By Alice Wellborn
Everyday Education 

School Rules Reflect Work Place Rules

 


All school systems have disciplinary rules and procedures that are based on state and federal laws and local school board policies. In Transylvania County Schools, the purpose of the Code of Student Conduct is to keep our children safe and healthy in a respectful environment that allows them to concentrate on learning. This is good! But all parents need to understand the specific rules and consequences that are outlined in the Code of Student Conduct because those rules and consequences can change your child’s life in a heartbeat. That’s why all parents are asked to review the student handbook every year and sign off that they have done so.

The Code of Student Conduct for Transylvania County Schools can be found on the school system website under the Board of Education tab. The rules and consequences are also included in the student handbooks. A copy of the student handbook for each individual school can be found on the school website under the Student Resources tab. The Student Code of Conduct for Brevard Academy can be found on the school website under the Parent and Student Information tab.

School rules apply anywhere on school property, on school buses and at bus stops, during any school-sponsored activity, or any time school staff are in charge of a group of students. In short, school rules apply at any place and time that student behavior has an impact on school operations or safety. We all want a safe, respectful, and orderly environment for our children.

Parents and students need to be aware that lots of devices, substances, and behaviors are covered by the Code of Student Conduct, and that the rules may vary according to grade level. The rules for cell phones and electronic devices change at the high school level, for example, as do the rules governing public displays of affection. Lockers at the middle and high school level are school property and subject to search.

The code also includes rules about appropriate dress, tobacco, drugs and alcohol, bullying and harassment, and computer misuse. In North Carolina, a student’s drivers license can be revoked for infractions involving drugs, alcohol, weapons, and physical assault on school staff.

There is an extensive list of behaviors, consequences, and possible behavioral interventions in the code. Behavioral infractions are grouped in levels from I to V, and consequences are applied accordingly.

Level I infractions include inappropriate language, cheating, disruptive behavior, and non-compliance. Level I consequences are generally applied in school, and include detention, time-out, and in-school suspension.

Level II infractions include verbal abuse, threats, bullying, and theft. Students can receive a short-term suspension for breaking a Level II rule.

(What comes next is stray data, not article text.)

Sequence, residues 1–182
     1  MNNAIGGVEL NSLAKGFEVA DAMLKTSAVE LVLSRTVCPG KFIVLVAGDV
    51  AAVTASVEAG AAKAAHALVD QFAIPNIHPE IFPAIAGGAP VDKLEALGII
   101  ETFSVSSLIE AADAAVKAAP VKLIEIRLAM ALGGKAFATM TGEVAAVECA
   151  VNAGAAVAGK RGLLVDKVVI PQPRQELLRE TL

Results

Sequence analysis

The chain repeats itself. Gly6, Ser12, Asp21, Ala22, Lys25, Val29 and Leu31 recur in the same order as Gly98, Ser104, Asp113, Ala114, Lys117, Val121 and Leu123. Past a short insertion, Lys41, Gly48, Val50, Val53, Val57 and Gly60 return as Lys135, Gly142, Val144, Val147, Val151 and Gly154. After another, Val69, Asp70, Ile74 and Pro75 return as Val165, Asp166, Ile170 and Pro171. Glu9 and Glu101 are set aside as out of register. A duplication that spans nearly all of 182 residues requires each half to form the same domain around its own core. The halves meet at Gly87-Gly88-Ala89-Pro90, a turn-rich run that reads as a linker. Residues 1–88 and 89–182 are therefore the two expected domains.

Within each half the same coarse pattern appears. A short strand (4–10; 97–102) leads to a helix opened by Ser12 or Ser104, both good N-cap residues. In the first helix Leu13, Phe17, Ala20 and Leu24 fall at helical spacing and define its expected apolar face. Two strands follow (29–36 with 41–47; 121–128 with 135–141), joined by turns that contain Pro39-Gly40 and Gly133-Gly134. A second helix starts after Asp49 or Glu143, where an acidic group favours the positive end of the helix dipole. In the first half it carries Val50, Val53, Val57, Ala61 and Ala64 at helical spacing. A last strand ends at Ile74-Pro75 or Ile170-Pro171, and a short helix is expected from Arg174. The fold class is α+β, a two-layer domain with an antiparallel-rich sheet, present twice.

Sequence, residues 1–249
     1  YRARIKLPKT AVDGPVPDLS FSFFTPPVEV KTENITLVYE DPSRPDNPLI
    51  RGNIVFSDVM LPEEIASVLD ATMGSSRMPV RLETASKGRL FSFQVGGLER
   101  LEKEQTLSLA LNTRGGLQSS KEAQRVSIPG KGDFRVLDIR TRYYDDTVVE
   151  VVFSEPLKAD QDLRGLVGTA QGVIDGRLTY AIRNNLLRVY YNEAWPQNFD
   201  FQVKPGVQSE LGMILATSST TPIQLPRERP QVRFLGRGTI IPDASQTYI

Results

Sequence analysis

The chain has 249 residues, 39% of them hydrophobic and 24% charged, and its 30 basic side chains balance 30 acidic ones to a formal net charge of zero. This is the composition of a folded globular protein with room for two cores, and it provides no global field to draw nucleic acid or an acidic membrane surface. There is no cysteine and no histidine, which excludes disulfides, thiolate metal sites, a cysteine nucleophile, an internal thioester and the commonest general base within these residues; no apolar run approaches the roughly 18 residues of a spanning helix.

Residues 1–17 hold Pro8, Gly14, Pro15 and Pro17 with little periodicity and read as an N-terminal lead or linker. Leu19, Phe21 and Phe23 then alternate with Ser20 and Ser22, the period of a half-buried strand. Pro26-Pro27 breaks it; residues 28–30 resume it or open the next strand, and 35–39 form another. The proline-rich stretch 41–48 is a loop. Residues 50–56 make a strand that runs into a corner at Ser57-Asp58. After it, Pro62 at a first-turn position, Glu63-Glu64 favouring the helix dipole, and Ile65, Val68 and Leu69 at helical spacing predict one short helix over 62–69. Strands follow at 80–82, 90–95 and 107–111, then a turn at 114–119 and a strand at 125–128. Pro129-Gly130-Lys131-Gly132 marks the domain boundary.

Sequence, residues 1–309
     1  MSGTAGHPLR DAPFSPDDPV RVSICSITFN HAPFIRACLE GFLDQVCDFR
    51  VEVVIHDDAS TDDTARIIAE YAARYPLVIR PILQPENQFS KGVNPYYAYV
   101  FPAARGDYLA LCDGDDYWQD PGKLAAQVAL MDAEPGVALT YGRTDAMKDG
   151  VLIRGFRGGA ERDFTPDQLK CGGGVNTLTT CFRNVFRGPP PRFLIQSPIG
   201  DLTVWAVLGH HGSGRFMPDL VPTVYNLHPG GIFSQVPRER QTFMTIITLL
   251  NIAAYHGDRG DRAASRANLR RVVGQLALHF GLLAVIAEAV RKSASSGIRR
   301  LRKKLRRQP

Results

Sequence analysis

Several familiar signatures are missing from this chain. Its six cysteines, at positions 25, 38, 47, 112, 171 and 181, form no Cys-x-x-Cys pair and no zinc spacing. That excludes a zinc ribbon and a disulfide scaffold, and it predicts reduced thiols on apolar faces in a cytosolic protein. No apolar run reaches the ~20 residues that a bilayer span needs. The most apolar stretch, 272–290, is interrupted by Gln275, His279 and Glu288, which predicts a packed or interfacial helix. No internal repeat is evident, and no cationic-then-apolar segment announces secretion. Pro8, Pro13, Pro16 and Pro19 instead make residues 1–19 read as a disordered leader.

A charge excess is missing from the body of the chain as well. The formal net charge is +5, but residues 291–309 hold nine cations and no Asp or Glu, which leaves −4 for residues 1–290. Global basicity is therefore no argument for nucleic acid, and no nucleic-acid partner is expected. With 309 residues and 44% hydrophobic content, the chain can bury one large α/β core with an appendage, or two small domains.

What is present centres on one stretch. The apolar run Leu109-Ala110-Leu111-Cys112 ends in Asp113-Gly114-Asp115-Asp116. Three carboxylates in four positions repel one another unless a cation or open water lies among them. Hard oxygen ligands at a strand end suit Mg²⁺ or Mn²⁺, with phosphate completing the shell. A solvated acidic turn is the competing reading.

Levels III through V include behaviors that will probably involve a report to law enforcement. Examples include assault, weapons, drugs and alcohol, and bomb threats. Consequences at these levels can include long-term suspension or even expulsion.

Corporal punishment is prohibited in Transylvania County Schools. School principals are allowed to consider aggravating or mitigating circumstances when deciding on a consequence. Parents and students can appeal a principal’s decision to the superintendent, and then to the school board if necessary.

It is very important for parents to support school disciplinary rules and procedures. Children have to learn that rules apply to them, and they have to learn it early. Otherwise, little problems can turn into big ones very quickly. Some children need to learn the hard way, and parents have to let it happen. If children don’t learn to follow rules, respect authority, and respect the needs and rights of other people by the time they are nine or 10 years old, they probably never will. If a child enters middle school with behavior problems, it is likely that they will have delinquent behaviors by high school.

So what should you do if your child runs up against the discipline policy in a big way?

If it’s a major offense that could require suspension, expulsion, or referral to law enforcement, you will have to respond immediately to a request to come to school. Ask what the conference is about and who will be there before you hang up the phone. If possible, call a family member or friend to meet you at the school.

Take notes, and ask the school staff to explain anything you don’t understand. Ask for a written copy of the discipline policy to refer to during the meeting.

There is an appeals procedure that you need to know about. Get that in writing too. Ask questions and know your options.

If you are upset or confused, ask for some time before making a decision. School decisions can be very important for your child’s future.

Consult a lawyer if the school system is recommending expulsion or referral to law enforcement.

Protect your child’s future. You need to make sure that your child is fairly treated, but you also need to make sure that your child learns the lesson! School rules are generally the same rules that apply in the work place and in real life. Success in life depends on learning and following those rules.

(Wellborn is currently a school psychologist in Transylvania County schools.)

 
 

Powered by ROAR Online Publication Software from Lions Light Corporation
© Copyright 2017

Rendered 12/09/2017 05:51